As Chief Justice John G. Roberts ( search) surely knows better than anyone, the cases that will be argued before the Supreme Court (search) this week are not likely the reason for the overflow of spectators before him.

The nation's highest court opens a new era on Monday, when the 2005-2006 term begins with a brand new young head of the American judiciary sitting at the center of the bench. Roberts' formal investiture as chief was taking place at the start of the new session before oral arguments begin.

President Bush was in attendance for the formal ceremony for Roberts, who was confirmed by the Senate 78-22 and sworn in at the White House last Thursday. After weeks in which some lawmakers accused the 50-year-old appeals court judge of being tight-lipped during his confirmation hearings, the nation will then get a glimpse into whether all the fuss was deserved.

Few court watchers expect to hear a monologue from Roberts on Monday, who had ample time to speak during his confirmation hearings even if he was accused of not saying enough.

The confirmation hearings have claimed much of Roberts' time and with a short window in which to transition to a new job, he also faces the complication of a curious and eager press corps.

That being the case, it is unlikely the chief justice had very much time to study the three cases being argued before him on Monday: two companion cases about employee compensation and one regarding a states' ability to tax an Indian reservation. On Wednesday, the court will also hear one of the most watched cases of the term, an appeal challenging an Oregon law allowing physician-assisted suicide.

But the eight other justices on the bench alongside Roberts will get a sense of how the new chief, who argued many cases before them as an attorney, will approach his new position as the court's top administrator.

Roberts is filling the shoes of his predecessor, mentor and friend, William H. Rehnquist (search), who died on Sept. 3 at the age of 80. But he has already departed from Rehnquist in a few ways; for one, while he is keeping on three of the late chief's clerks, he is bringing aboard two of his own from his previous job on the D.C. Circuit Court of Appeals (search).

Rehnquist's clerks believed he always hired three of them per term to maintain his doubles tennis foursome. The associate justices are permitted four clerks; the chief justice is permitted five.

The associate justices must also be eager to see how Roberts will assign opinions, and whether he will increase the justices' caseload, which was dramatically reduced under Rehnquist's supervision.

Roberts' staff is also likely anticipating what kind of personality Roberts ends up being. Most of the justices are held in great esteem by their clerks. In a conference on the jurisprudence of Justice John Paul Stevens (search) at Fordham Law School (search) on Saturday, his former clerk, Cornell University President Jeffrey Lehman, lamented having to let go of "the fantasy that the Supreme Court might just announce that law clerks are quasi-children of their justices."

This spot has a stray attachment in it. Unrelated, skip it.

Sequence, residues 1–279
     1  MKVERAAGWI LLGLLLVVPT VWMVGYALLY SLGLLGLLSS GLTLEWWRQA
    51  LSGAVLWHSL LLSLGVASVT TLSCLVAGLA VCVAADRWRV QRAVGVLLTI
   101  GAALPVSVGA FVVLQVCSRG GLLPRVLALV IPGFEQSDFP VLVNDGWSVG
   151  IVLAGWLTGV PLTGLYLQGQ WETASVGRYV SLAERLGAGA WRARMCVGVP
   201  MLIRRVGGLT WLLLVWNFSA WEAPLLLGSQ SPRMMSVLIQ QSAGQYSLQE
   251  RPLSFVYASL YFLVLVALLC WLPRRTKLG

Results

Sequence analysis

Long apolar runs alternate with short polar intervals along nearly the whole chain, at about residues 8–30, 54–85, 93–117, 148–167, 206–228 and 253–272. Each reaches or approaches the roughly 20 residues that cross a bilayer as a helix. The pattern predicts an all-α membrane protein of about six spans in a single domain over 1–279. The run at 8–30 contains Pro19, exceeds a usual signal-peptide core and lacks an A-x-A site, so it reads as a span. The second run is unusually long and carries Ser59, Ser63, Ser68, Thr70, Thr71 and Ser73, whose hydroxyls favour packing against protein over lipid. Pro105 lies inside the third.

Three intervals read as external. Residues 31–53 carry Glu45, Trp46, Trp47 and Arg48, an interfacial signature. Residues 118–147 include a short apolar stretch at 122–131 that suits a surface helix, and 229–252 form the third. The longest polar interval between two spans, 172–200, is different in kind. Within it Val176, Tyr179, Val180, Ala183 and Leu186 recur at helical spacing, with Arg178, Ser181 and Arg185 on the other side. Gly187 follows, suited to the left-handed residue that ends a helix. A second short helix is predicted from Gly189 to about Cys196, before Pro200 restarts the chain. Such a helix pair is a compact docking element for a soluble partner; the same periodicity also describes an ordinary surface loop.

This personal affection is often built on the justices' relationship to their clerks outside the work of vetting and granting certiori to cases. Just as Rehnquist played regular games of tennis with his assistants, Justice Sandra Day O'Connor (search), the first woman on the court, led her female clerks in aerobics classes.

O'Connor, 75, announced in July she would retire to care for her ailing husband. Bush initially nominated Roberts to succeed her, but after Rehnquist died, the president tapped Roberts to succeed the late chief instead. O'Connor agreed to stay on the bench until her successor is confirmed, and Bush is likely eager to relieve her of that obligation.

But a replacement may not happen anytime soon. O'Connor has been a crucial fifth vote on abortion, affirmative action and establishment clause cases, and Senate Democrats are likely more willing to protract the confirmation process this time around if Bush's next nominee is not to their liking.

That may or may not happen. Bush announced his pick Monday before heading to the court. White House Counsel Harriet Miers was said to have been mentioned by Democrats and Republicans during the consultation process, but she has never served as a judge.

Stevens, at 85 the oldest member of the court, may have sensed the looming battle when he addressed the Fordham conference on Saturday. Explaining how his decisions had surprised even him, he said, "I know that I, like most of my colleagues, have continued to participate in a learning process while serving on the bench. ... A judge's pre-argument predictions should not be admissible in confirmations because they are inherently unreliable."